How Will the SECURE Act Affect Your Notary Business?

April 8, 2023 / Notary Association of America

Remote online notarization (RON) services surged in popularity during the pandemic amidst efforts to curb the spread of the virus. With more people turning to virtual notaries for witness and identity verification, the increase in consumer trust for digital solutions is at an all-time high. As a result, more than 30 states have authorized RON permanently to validate signers' identities and complete high-risk transactions. Other states allowed temporary RON and are considering more permanent options.

In light of the shift towards virtual services, the Senate has reintroduced the Securing and Enabling Commerce Using Remote and Electronic (SECURE) Notarization Act. The SECURE Notarization Act will standardize online notarization across the U.S. This bipartisan legislation is expected to pass, changing the future of the notarization industry. Yet, despite virtual notarization's ease of use, some clients still have their misgivings.

A Generational Divide

A survey conducted by The Harris Poll showed that out of 2,000 surveyed participants, 81% felt comfortable conducting their financial transactions virtually. However, this same survey also uncovered a gap between the comfort of older and younger generations as it pertained to online services. At 79%, younger generations aged 18 to 34 years old are less likely to favor online financial transactions than those aged 45 to 54 years old (87%).

Online notarization does involve handling confidential information, including Social Security Numbers, loan rates, clients' home addresses, and emails. As a result, each state currently has regulations around acceptable practices for RON. To quell your clients' fears about RON, remind them of the following safeguards:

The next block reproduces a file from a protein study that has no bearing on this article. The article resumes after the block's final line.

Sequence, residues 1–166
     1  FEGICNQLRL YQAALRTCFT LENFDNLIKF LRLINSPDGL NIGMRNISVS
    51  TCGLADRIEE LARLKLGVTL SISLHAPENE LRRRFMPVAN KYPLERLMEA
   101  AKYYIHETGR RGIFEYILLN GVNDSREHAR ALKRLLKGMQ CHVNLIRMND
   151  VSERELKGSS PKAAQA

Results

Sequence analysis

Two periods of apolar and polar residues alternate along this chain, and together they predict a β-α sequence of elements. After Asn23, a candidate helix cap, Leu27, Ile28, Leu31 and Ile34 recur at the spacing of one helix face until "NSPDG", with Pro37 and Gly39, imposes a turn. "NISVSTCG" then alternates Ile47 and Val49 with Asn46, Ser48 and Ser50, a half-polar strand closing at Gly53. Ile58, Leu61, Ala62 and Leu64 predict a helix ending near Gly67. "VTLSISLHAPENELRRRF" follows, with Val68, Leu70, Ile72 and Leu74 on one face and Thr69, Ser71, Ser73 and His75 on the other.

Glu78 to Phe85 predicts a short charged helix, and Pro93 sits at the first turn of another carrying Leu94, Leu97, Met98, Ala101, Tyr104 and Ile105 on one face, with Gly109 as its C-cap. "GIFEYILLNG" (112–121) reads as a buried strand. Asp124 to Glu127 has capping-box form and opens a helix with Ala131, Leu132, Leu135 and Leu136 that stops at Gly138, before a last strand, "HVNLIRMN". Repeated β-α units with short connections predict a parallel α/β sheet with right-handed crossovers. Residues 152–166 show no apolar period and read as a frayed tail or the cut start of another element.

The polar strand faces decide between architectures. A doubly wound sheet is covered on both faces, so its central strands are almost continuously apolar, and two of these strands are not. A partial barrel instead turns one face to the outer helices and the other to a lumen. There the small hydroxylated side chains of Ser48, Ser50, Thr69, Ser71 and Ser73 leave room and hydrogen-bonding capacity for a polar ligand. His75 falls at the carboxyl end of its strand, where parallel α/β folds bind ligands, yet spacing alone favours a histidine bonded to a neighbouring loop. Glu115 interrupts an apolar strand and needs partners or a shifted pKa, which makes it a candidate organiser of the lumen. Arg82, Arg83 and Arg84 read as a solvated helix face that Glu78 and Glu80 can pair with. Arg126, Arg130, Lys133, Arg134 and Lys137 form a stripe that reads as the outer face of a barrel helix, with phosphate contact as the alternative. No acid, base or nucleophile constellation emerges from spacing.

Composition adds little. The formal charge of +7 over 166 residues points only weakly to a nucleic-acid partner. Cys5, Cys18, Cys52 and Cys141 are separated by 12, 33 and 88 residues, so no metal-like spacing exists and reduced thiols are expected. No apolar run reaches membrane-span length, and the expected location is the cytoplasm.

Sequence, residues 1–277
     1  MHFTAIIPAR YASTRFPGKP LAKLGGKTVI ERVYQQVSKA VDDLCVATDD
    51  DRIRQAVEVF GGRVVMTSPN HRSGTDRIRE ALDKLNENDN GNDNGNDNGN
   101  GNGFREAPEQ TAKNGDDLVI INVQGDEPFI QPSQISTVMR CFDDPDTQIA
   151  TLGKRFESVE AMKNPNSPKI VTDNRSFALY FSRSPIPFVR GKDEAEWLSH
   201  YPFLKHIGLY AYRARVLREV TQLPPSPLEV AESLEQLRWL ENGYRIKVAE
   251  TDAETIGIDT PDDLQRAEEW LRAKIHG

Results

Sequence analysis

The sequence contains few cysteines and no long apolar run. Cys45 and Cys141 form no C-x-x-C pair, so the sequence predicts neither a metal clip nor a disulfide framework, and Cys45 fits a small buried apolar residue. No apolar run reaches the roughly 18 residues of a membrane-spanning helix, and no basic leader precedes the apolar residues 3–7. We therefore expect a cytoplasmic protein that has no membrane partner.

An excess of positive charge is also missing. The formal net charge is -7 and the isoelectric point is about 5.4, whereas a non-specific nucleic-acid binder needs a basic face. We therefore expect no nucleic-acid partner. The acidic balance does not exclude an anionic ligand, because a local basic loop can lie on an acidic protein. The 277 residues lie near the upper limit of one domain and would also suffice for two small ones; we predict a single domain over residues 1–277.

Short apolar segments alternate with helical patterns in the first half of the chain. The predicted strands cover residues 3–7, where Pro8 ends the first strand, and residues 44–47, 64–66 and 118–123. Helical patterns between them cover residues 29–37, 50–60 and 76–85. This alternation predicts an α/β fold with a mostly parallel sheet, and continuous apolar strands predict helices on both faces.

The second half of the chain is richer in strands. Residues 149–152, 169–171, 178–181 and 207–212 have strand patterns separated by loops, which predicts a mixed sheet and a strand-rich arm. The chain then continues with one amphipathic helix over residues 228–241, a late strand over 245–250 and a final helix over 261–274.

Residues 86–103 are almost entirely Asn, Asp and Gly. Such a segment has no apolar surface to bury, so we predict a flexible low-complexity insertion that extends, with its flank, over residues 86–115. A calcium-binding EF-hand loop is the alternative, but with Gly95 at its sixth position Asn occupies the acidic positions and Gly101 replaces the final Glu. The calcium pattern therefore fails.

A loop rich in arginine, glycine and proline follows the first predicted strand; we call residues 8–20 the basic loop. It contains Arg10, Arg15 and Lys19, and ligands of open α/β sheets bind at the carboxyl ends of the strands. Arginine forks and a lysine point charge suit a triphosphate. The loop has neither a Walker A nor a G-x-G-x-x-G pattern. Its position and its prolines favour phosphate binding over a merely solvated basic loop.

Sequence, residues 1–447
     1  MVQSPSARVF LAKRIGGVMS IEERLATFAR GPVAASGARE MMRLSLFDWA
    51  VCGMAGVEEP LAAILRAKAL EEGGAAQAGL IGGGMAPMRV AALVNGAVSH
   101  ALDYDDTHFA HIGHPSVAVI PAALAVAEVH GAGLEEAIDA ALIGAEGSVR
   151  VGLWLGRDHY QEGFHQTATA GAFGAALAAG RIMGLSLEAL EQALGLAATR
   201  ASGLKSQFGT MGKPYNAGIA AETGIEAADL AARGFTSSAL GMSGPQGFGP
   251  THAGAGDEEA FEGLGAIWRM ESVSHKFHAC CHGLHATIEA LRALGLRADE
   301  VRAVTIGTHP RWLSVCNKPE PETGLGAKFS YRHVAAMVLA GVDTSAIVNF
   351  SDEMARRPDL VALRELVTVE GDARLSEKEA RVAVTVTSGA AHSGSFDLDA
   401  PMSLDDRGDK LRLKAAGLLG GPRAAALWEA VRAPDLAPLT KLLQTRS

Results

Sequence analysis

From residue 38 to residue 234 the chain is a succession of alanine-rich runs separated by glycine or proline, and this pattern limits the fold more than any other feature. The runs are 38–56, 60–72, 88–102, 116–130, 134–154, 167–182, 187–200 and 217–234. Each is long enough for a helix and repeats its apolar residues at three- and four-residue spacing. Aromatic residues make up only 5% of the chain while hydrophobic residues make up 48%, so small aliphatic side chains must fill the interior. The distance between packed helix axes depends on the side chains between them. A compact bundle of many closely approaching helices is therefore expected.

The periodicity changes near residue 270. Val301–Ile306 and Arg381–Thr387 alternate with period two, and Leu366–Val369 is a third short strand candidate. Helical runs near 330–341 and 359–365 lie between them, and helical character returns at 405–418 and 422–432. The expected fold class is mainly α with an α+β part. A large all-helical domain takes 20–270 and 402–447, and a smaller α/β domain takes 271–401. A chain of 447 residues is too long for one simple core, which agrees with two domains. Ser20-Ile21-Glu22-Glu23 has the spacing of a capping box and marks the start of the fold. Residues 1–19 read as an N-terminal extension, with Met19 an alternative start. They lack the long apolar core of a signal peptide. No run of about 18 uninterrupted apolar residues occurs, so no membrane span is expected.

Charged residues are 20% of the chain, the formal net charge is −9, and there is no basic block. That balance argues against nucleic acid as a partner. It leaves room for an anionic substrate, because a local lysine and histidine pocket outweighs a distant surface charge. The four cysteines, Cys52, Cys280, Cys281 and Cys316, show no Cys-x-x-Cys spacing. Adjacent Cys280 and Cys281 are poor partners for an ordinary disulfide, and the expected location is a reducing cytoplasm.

• Online notarization services are hosted over a secure, state-approved platform that covers the entire process end-to-end.
  • Notaries still must reside in the same commissioning state to complete a virtual notarization; therefore, the notary will be familiar with their state's regulations for RON.
  • There are multiple steps to verify identity during RON, including knowledge-based authentication (KBA), credential analysis, and remote presentation of the signer's ID. Notaries conducting RON must use as least two of these procedures to continue with the notarization.
  • Notary publics and signing agents have to undergo background checks before handling high-risk documents.
  • Notaries must have, at minimum, a notarial bond to protect their clients in case of mistakes or fraudulent activity. These bonds are secured through a surety company.
  • Remote ink-signed notarization (RIN) is often a possibility for clients and allows the client to produce a wet signature, which is often more frequently supported in court in cases of document fraud.


When your clients need a third party to validate a high-risk document, they want to know that their information is safe in your hands. While RON or RIN may seem risky due to cybersecurity threats, they can expand your service options for your clients. The passage of the SECURE Act will improve your ability to help your clients and close the gap for accessible notarization services.